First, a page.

Montrezl Harrell

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Louisville to lose Terry Rozier, Montrezl Harrell to NBA Draft; Anton Gill to transfer


Rick Pitino announced during a press conference on Monday afternoon that both Montrezl Harrell and Terry Rozier will be declaring for the NBA Draft.

“They are both leaving,” he told reporters. “100 percent.”

It’s not a surprise that either player is leaving. It was long assumed that Rozier would be off to the NBA after this season, and Harrell actually surprised some folks when he decided to return to school for his junior season.

The Cardinals also lost sophomore guard Anton Gill to transfer on Monday, a source confirmed to

Rozier finished his sophomore year averaging 17.1 points and 3.0 assists, proving himself to be one of the smoothest scorers in this year’s draft class. A 6-foot-1 combo-guard, Rozier certainly has the athleticism and scoring ability to play in the NBA, but his lack of pure point guard skills limit his upside.

Harrell averaged 15.7 points and 9.2 boards as a junior, although he didn’t exactly improve his perimeter jumper the way that he had hoped. Harrell, who has a future in a Kenneth Faried-esque role at the next level, shot just 9-for-37 from three this season. Three of those nine threes game in the season-opener against Minnesota.

Draft Express currently projects Harrell as a mid-to-late first round pick while they have Rozier slotted in the early second round.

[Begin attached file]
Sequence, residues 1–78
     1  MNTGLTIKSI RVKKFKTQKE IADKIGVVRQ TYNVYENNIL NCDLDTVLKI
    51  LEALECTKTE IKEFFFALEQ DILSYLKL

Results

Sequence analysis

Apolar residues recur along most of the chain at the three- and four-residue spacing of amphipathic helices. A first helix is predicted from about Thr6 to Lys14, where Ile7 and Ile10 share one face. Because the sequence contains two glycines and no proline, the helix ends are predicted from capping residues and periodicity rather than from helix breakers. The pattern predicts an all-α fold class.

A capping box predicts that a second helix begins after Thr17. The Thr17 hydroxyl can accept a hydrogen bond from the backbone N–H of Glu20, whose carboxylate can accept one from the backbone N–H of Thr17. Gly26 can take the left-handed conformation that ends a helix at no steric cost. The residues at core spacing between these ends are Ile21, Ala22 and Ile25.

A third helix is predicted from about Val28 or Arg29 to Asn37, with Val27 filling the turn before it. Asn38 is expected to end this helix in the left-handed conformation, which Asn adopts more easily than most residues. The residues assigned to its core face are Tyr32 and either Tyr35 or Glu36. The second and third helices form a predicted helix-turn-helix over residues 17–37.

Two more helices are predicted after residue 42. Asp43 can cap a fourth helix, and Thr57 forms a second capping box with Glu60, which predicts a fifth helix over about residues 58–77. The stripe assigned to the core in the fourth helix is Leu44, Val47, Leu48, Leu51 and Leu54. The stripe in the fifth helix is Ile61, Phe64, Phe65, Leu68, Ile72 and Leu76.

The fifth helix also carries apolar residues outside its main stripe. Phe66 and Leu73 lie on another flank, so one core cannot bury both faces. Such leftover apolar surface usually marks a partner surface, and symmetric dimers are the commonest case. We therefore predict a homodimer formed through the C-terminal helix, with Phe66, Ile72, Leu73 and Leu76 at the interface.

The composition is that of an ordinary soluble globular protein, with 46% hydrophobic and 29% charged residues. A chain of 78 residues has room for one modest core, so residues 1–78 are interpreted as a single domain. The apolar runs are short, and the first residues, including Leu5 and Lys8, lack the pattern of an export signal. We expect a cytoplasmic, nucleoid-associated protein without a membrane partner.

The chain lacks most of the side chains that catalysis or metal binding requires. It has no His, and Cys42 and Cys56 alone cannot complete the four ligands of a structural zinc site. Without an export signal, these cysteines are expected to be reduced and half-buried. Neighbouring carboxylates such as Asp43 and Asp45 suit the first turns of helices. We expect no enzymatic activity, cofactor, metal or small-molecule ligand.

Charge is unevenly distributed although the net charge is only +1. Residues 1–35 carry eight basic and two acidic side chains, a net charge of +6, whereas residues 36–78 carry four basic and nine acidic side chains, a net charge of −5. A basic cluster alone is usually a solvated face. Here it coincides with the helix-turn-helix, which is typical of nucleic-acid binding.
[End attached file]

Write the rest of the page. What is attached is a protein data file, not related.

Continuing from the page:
Gill played in 31 games and averaged 2.5 points per game during his sophomore campaign. He had a key stretch against N.C. State in the Sweet 16 in which Gill had three baskets during a six-minute stretch. The sophomore averaged 9.5 minutes per game.

No. 4 Louisville advances to Elite 8 with 75-65 win over No. 8 NC State

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Louisville, the No. 4 seed in the East Region, took down conference foe NC State, 75-65 , to advance to the program’s third Elite Eight in the last four years.

Terry Rozier led the way with 17 points and 14 rebounds. Montrezl Harrell had a game-high 24 points. Although, arguably the biggest contribution came from reserve guard Anton Gill, the Raleigh, North Carolina native. The sophomore guard was called upon in the second half after Wayne Blackshear picked up his fourth foul with 8:30 remaining. Gill responded by scoring seven of Louisville’s points during a critical 12-3 run.

NC State was up 54-53 when Gill connected on a go-ahead jumper. He followed that with a 3-pointer. After a pair of Rozier free throws, Gill knifed through the lane for a layup.

To put this all in perspective, Gill hadn’t scored a single point since Feb. 28 in a win over Florida State.

That was a month ago. It was during that time that the Cardinals stood at a crossroad in their season. Rick Pitino had dismissed senior guard Chris Jones from the program earlier that week, a necessary move after several off the court incidents. Without one of their top defensive pieces, the Cardinals had their questions entering March. Yet once again, Pitino has the Cards as one of the last eight teams standing:

Tom Izzo has received credit, and rightfully so, for another NCAA tournament run with Michigan State, a team Louisville could potentially face in Sunday’s East Regional final. But Pitino deserves some of his own for the work he’s done with this roster. Sure, Louisville has future NBA Draft picks Montrezl Harrell and Terry Rozier, but he’s also had to rely heavily on freshman guard Quentin Snider, and has been forced to turn to players like Gill. Even without Jones, Louisville’s defense has been effective, holding teams to under 40 percent shooting in the last two tournament games.